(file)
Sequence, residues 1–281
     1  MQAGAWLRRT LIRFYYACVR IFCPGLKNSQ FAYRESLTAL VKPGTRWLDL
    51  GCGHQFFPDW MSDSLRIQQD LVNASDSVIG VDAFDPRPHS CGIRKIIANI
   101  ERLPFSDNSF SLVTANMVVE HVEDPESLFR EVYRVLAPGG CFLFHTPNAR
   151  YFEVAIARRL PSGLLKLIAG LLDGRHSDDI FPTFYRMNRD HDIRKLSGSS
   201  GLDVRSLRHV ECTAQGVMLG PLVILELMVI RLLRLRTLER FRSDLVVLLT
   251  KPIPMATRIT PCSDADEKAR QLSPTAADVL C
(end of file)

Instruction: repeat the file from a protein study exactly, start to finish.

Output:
Sequence, residues 1–281
     1  MQAGAWLRRT LIRFYYACVR IFCPGLKNSQ FAYRESLTAL VKPGTRWLDL
    51  GCGHQFFPDW MSDSLRIQQD LVNASDSVIG VDAFDPRPHS CGIRKIIANI
   101  ERLPFSDNSF SLVTANMVVE HVEDPESLFR EVYRVLAPGG CFLFHTPNAR
   151  YFEVAIARRL PSGLLKLIAG LLDGRHSDDI FPTFYRMNRD HDIRKLSGSS
   201  GLDVRSLRHV ECTAQGVMLG PLVILELMVI RLLRLRTLER FRSDLVVLLT
   251  KPIPMATRIT PCSDADEKAR QLSPTAADVL C